After this very successful seminar, three half-day workshops were organised on Benchmarking on Crisis Management (led by DB AG), Interoperability and Exchange of Security-related Information for International Trains (led by PKP PLK), Security Training and Communication (led by SNCF).
Thanks to the members we received excellent contributions for these topics through the questionnaires circulated among the members in March 2016: 31 answers from 22 countries in 5 regions were received.
During each workshop, the analysis of the questionnaires was presented to the participants as well as some best practices. This was followed by very lively discussions on the expectations vis-à-vis the UIC security division and the next steps of the studies.
The members asked the UIC security division to further develop the following topics:
For Benchmarking on Crisis Management (CM)
- Expand the current results of the benchmark by interviews and workshops with selected rail operators, to get further insight in their CM efforts
- Collect best / good practices to provide a CM overview / tool box
- Provide recommendations for minimum CM efforts (organisation, roles, and infrastructures) of a railway company, considering their size and abilities.
For Interoperability and Exchange of Security-related Information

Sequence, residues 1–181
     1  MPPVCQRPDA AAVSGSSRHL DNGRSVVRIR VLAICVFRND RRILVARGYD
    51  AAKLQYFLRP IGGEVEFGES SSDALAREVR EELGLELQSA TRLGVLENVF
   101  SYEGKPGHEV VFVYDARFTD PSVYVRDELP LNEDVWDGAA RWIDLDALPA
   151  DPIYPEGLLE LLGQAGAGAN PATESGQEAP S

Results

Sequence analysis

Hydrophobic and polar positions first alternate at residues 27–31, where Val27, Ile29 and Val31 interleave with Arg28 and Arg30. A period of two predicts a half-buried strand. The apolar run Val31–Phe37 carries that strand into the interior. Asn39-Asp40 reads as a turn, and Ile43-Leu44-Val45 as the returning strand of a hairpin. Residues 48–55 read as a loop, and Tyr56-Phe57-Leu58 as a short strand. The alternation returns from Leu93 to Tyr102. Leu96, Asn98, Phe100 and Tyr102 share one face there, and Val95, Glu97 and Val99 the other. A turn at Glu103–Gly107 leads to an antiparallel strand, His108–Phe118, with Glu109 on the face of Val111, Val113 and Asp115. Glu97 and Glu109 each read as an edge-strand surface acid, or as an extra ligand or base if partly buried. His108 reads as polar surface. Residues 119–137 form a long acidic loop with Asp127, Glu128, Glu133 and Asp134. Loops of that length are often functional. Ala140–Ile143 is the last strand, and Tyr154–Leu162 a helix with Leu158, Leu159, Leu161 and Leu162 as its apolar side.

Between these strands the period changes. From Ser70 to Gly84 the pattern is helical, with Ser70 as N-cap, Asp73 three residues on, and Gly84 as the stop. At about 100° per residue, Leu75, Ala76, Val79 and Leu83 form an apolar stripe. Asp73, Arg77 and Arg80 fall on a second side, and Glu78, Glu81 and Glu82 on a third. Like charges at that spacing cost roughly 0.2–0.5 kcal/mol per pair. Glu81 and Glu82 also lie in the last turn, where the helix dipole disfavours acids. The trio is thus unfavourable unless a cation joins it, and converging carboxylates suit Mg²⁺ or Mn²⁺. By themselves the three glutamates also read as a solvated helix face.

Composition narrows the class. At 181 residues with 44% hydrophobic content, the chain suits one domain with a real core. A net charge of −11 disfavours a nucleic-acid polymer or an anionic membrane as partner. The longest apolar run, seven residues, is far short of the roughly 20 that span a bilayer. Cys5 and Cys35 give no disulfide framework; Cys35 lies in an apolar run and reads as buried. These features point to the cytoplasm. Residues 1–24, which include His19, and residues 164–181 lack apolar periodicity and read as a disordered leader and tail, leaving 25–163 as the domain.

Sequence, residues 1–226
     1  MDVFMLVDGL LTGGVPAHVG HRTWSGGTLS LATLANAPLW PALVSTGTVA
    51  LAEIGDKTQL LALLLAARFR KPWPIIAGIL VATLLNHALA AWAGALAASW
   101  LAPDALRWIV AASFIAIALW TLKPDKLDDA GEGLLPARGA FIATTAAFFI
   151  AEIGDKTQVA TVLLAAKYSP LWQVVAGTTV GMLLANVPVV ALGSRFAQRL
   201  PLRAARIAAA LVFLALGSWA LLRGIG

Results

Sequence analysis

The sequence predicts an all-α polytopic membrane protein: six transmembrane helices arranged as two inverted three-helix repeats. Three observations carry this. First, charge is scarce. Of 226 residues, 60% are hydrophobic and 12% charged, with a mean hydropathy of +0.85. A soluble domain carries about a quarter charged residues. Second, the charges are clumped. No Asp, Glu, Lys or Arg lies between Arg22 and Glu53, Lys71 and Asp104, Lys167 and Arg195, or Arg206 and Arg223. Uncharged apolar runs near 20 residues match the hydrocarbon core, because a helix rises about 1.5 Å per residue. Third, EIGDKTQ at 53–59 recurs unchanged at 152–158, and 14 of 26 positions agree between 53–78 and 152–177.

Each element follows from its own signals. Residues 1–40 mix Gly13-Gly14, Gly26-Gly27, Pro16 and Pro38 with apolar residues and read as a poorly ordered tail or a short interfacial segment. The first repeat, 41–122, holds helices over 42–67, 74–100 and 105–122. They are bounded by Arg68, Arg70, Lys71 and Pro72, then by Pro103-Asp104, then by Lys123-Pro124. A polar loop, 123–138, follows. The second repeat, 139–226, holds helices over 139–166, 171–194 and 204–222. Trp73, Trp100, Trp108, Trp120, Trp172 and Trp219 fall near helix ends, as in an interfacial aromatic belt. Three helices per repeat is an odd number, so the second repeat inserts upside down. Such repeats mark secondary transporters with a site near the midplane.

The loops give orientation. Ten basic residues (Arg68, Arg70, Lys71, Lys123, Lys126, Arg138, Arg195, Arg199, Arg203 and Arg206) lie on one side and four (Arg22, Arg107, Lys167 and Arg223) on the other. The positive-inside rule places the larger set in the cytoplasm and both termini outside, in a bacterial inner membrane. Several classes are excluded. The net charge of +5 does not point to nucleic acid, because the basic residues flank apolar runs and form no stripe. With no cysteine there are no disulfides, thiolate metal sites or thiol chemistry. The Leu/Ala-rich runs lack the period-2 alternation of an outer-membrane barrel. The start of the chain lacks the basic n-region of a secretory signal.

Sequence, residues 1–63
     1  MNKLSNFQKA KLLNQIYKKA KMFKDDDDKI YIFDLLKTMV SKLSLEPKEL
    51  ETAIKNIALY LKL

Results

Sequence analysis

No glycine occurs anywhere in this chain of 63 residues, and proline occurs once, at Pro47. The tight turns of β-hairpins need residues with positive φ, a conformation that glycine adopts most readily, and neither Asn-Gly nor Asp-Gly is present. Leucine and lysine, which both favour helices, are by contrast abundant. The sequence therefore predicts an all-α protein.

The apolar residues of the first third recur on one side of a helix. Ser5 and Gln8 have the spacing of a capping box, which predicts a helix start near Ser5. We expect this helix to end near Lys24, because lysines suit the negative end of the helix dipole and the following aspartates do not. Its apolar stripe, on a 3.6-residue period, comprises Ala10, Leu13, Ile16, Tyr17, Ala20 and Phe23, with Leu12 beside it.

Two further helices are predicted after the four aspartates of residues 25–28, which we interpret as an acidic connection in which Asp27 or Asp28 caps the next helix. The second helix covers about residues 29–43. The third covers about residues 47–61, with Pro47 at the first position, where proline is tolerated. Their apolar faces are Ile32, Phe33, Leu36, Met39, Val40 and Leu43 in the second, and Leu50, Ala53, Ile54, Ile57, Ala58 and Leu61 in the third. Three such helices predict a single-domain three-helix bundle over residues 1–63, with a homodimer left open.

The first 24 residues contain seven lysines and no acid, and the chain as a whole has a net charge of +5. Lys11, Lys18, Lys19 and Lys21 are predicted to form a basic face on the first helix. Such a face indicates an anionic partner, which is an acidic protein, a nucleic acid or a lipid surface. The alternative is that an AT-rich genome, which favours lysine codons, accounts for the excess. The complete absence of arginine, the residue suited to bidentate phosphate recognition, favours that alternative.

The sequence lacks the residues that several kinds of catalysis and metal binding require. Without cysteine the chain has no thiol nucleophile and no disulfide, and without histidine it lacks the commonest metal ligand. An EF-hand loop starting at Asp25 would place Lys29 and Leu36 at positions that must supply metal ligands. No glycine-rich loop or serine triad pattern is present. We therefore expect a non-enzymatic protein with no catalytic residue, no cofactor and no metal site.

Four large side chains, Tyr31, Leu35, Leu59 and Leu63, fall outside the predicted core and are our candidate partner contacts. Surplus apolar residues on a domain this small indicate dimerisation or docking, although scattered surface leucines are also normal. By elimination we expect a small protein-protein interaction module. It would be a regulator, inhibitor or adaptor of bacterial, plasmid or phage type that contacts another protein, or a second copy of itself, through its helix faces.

- Provide models of agreement for exchanging information on security events
- Prepare a UIC leaflet on a standardised description of a security event
- Rethink the provision of security information by UIC security division within website and extranet in a more interactive way: design and implement of a Rail Security Hub: unique entry point for railway security questions
- Organise workshops on demand (at UIC HQ or within railway companies).
For Security Training and Communication
- Design a Toolbox on two topics:
- Training principles with recommendations/best practices: checklist with sub topics for training of managers: “if you organise a training programme, do not forget to…”
- Awareness: sharing of best practices (knowledge management on the existing good practices and examples): gather tools regarding public awareness
- Organise an Awareness Day on security in transport: for example, one day dedicated to security issues for implementation of actions required (to be defined) – raising awareness among the public and staff on this topic
- Common module on how to detect suspicious behaviour of individuals
In the light of the European migrant crisis or European refugee crisis which began in 2015, the week closed with an exchange of experiences by rail operators, when a rising number of migrants and refugees made the journey to the European Union (EU) to seek asylum and were affecting the infrastructures and operations of railway companies. Participants from eight countries and representatives from the European Commission discussed the impacts of large groups of refugees in the rail system, the resulting transport and aid requirements and the subsequent organisational or logistics problems that had to be solved. Since migration is a worldwide problem, UIC will introduce a project that facilitates the exchange of experiences and best practices and that will provide organisational and procedural recommendations for its members, to cope with these impacts.
A Second Security week will be organised from 18 to 20 October to present and get feedback on the proposed results.
The final results and the required documentation shall be ready by the end of October 2016 and introduced during the 12th World Security Congress in Helsinki (23 – 25 November, 2016).
All presentations are available in the private area: